With the help of his fellow Quakers, Jack Mahon of Elmer, New Jersey, has dedicated the last ten years to sending magnetic locators to poor and struggling communities throughout the world. The locators, a product of Schonstedt Instrument Company, can detect the presence of landmines and other unexploded weaponry left behind in a warzone. Once locals are trained to use them they are literal lifesavers, accurately identifying deadly munitions which often kill and maim both children and adults. “While the mines do impact combatants, most casualties are civilians, peacekeepers and humanitarian workers” said Mahon.
To date, Mahon and the Quakers at Woodstown Friends Meeting have helped send 124 locators to more than twenty countries as far away as Libya and Azerbaijan. This is made possible by the special ‘Humanitarian Demining’ program of Schonstedt which matches each locator for which funds are raised and takes care of transportation. Mahon and his cadre of Quakers are responsible for over a fifth of all locators, costing $1041 each, that Schonstedt sends out through their program. Their 18th century meetinghouse has become a vibrant center for collecting and forwarding donations of all sizes.
How this small group of South Jersey Quakers has managed such a large feat is a lesson in creativity and dedication. “We solicit private donations from our members and at community events, but we’ve also started a concert series that we use to bring education and awareness about our humanitarian demining efforts,” said Mahon. Called Music at Friends, the series takes place at the Woodstown Friends meetinghouse and features local artists in genres like rock, pop, jazz and classical. Its popularity has been increasing and it now hosts artists from Philadelphia and beyond.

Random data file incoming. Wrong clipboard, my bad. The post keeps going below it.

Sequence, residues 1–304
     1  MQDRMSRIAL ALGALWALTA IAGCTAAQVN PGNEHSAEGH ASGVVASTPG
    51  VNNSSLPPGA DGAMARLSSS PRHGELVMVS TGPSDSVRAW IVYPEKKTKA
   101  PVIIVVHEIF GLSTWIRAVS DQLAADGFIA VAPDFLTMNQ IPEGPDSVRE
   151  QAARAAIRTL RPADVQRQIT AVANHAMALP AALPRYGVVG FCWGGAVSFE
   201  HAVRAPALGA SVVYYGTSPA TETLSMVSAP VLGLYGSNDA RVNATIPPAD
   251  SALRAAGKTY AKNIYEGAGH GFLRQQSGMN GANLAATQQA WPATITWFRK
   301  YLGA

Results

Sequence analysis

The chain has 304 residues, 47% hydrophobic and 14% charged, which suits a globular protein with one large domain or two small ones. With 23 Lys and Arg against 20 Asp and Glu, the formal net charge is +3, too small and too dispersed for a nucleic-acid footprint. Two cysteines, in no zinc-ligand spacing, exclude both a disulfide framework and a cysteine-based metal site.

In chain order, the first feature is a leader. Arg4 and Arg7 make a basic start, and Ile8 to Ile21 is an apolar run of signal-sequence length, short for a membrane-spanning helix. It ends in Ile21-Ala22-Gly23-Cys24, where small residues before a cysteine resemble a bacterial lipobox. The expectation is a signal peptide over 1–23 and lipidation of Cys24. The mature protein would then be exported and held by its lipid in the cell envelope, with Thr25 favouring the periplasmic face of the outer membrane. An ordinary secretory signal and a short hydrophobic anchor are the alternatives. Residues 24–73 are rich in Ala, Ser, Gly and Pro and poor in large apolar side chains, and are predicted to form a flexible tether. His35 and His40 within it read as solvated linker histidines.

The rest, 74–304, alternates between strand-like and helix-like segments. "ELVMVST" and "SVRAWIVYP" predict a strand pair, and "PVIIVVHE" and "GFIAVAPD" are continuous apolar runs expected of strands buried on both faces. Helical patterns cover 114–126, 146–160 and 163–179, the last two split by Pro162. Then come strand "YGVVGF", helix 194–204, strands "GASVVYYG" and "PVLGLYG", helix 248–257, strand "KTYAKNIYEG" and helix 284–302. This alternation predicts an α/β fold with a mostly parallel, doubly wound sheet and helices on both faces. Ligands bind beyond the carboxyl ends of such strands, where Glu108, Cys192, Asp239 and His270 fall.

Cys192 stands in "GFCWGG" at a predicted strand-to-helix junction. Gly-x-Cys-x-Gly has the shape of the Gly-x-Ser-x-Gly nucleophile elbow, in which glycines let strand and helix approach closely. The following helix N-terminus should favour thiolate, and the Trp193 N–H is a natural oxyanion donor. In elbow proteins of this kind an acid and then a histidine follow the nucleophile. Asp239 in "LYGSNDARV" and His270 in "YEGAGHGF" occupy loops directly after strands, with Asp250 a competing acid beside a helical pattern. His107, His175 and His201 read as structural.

Woodstown Friends Meeting’s efforts have not gone unnoticed. In April of 2016, the Woodstown Quakers were summoned to Washington DC where the Office of Weapons Removal and Abatement in the Department of State’s Bureau of Political-Military Affairs awarded them a certificate of appreciation. According to the certificate, they had made “a direct contribution to the dramatic reduction in civilian deaths and injuries from landmines and unexploded ordnance.” The federal department went on to say that “Woodstown Monthly Meeting is helping farmers, schoolchildren, and other innocent civilians worldwide to walk the Earth in safety.”
Quakers are one of the traditional peace churches and their post-war efforts during World War 2 won them a Nobel Peace Prize. Mahon is proud to have contributed to this legacy. “People might expect Quakers to be involved with something like this, but it is vital that all nations that engage in war come to see humanitarian demining as their responsibility,” said Mahon.
Donations for Woodstown Friends Meeting’s humanitarian demining efforts can be made through WoodstownFriends.org, where you can also find a list of upcoming concerts in the Music at Friends series.